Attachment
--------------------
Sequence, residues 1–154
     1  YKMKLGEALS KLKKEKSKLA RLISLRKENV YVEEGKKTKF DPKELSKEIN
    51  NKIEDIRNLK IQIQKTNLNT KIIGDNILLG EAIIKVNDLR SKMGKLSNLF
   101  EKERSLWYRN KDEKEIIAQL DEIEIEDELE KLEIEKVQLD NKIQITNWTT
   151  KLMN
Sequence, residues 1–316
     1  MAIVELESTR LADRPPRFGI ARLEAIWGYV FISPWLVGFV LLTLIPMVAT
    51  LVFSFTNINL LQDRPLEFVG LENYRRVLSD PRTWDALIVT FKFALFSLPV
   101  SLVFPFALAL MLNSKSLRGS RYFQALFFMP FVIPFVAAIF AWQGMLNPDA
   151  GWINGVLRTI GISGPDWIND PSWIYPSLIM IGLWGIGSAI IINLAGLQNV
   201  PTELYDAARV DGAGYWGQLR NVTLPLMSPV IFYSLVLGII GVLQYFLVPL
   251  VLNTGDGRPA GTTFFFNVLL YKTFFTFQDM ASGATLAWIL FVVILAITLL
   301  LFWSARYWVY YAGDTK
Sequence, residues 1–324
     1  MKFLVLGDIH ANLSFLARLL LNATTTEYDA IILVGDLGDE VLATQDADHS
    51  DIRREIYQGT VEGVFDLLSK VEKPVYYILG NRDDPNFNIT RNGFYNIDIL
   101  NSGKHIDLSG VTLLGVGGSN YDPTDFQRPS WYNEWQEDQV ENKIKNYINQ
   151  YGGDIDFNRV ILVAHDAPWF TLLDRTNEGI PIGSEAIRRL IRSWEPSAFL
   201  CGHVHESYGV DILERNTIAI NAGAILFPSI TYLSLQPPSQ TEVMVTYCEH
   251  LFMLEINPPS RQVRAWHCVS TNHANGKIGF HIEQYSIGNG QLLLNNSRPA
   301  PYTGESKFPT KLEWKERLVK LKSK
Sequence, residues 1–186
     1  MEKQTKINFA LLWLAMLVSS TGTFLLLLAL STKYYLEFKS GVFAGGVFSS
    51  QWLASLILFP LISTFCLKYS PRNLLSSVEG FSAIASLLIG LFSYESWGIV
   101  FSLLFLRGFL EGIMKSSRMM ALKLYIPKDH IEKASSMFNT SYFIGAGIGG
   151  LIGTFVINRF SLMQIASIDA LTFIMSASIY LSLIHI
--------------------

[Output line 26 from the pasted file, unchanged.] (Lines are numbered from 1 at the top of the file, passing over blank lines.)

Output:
   151  LIGTFVINRF SLMQIASIDA LTFIMSASIY LSLIHI